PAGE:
Here at “Close Guantánamo,” we are rigorously and implacably opposed to President Obama’s claim that it is acceptable to hold 46 men indefinitely without charge or trial, because it is fundamentally unjust to claim, as the administration does, that these 46 men represent a danger to the United States, even though there is insufficient evidence to put them on trial. What this means is that the so-called evidence is fatally tainted, produced through the use of torture, or other forms of coercion, and is therefore fundamentally unreliable. Read the rest of this entry »
Getting out of Guantánamo is such a feat these days (with just three men released in the last 18 months) that it is remarkable that Ibrahim al-Qosi, a Sudanese prisoner who agreed to a plea deal at his war crimes trial in Guantánamo in July 2010, guaranteeing that he would be freed after two years, has been repatriated as promised. 168 prisoners now remain in Guantánamo.
With a typical disregard for the principle that a prisoner — any prisoner — must be freed when their sentence comes to an end, the US has maintained, since the “war on terror” began nearly 11 years ago, that prisoners at Guantánamo can continue to be held after their sentence has come to an end, and be returned to the general population as “enemy combatants,” even though President Bush failed to do this when he had the opportunity — with Salim Hamdan, a driver for Osama bin Laden who was freed after serving a five-month sentence handed down after his military trial in 2008.
A source with knowledge of al-Qosi’s case, who does not wish to be identified, told me that the Obama administration was unwilling to detain al-Qosi after his sentence came to an end, and I believe that one of the reasons that the President negotiated a waiver to the provisions in the National Defense Authorization Act, allowing him to bypass restrictions on releasing prisoners that were imposed by Congress, was to prevent Republicans from trying to force him to continue holding al-Qosi. Read the rest of this entry »
On Saturday, the eyes of the world were on Guantánamo, as Khalid Sheikh Mohammed and four other men accused of planning and facilitating the terrorist attacks of September 11, 2001 — Ramzi bin al-Shibh, Ali Abd al-Aziz Ali, Mustafa Ahmed al-Hawsawi and Walid bin Attash — appeared in a courtroom for the first time since December 2008. All were dressed in white, apparently at the insistence of the authorities at Guantánamo, and most observers made a point of noting that Mohammed’s long gray beard was streaked red with henna.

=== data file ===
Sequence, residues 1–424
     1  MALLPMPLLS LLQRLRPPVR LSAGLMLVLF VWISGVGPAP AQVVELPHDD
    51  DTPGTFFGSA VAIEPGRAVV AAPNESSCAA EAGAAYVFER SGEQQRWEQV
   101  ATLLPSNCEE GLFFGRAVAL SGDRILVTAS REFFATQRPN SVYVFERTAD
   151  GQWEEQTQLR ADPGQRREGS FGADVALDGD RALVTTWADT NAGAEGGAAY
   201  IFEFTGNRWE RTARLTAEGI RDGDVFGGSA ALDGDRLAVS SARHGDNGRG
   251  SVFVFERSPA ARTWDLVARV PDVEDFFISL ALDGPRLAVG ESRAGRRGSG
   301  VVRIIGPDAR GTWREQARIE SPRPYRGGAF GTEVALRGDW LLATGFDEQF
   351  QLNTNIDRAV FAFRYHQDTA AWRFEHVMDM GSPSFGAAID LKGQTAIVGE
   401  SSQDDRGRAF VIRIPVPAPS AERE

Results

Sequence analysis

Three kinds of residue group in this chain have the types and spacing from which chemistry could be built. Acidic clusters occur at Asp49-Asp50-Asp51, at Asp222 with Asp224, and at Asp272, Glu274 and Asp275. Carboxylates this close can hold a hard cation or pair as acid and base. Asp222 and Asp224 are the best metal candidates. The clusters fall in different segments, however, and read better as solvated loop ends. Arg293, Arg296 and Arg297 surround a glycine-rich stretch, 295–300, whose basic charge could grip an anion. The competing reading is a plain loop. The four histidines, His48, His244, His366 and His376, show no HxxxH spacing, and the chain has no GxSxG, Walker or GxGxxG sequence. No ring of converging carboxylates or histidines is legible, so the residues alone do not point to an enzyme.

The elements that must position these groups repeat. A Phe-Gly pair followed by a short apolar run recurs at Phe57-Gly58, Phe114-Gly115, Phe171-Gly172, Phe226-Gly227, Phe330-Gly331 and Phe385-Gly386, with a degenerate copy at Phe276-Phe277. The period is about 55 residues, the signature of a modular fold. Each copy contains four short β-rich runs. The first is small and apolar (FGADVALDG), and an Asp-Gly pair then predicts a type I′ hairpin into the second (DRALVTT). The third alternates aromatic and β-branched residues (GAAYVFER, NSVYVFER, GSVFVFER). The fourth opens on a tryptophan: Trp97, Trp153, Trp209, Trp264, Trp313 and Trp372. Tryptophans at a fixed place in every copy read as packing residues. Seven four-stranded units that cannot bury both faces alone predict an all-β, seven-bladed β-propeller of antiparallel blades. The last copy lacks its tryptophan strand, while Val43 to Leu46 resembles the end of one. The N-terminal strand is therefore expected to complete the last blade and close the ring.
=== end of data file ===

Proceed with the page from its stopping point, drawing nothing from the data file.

For the Obama administration and the Pentagon, the five men’s appearance — for their arraignment prior to their planned trial by military commission — was supposed to show that the commissions are a competent and legitimate alternative to the federal court trial that the Obama administration announced for the men in November 2009, but then abandoned after caving in to pressure from Republicans. The five defendants face 2,976 counts of murder — one for each of the victims of the 9/11 attacks — as well as charges of terrorism, hijacking, conspiracy and destruction of property, and the prosecution is seeking the death penalty.
Unfortunately for the administration, the omens were not good. The military commissions have been condemned as an inadequate trial system ever since the Bush administration first resurrected them in November 2001, intending, in the heat of post-9/11 vengeance, to use them to swiftly try and execute those it regarded as terrorists. However, after long delays and chaotic hearings, this first reincarnation of the commissions was struck down as illegal by the Supreme Court in June 2006. The commissions were then revived by Congress a few months later, and were then tweaked and revived by President Obama in the summer of 2009, despite criticism from legal experts. Read the rest of this entry »
Recently, I was happy to follow up on my discussion on Press TV of “You Don’t Like the Truth,” the harrowing documentary about Guantánamo’s former child prisoner Omar Khadr, with another discussion, this time about “The Oath,” an extraordinary documentary by American filmmaker Laura Poitras. See here and here for the two parts of the Omar Khadr show.
Filmed in Yemen, Poitras’ film follows Abu Jandal (aka Nasser al-Bahri), a former bodyguard for Osama bin Laden, who left al-Qaeda before the 9/11 attacks, and was imprisoned in Yemen when the attacks took place. He then became an extraordinarily valuable informant for the FBI, and was eventually freed. When Poitras met him, he was driving a cab in Sana’a, a charismatic figure, who, nevertheless, is either conflicted or ambiguous when it comes to his beliefs.
What is clear throughout, while Abu Jandal espouses his love of jihad but his hatred of terrorism, is his guilt that his brother-in-law, Salim Hamdan, for whom he secured paid work as a driver for Osama bin Laden, was still held in Guantánamo at the time the film was made, while he was a free man in Yemen. Hamdan was eventually freed at the end of 2008, after he became the first prisoner to be tried in a war crimes trial following the terrorist attacks on September 11, 2001. Read the rest of this entry »
Investigative journalist, author, filmmaker, photographer and Guantanamo expert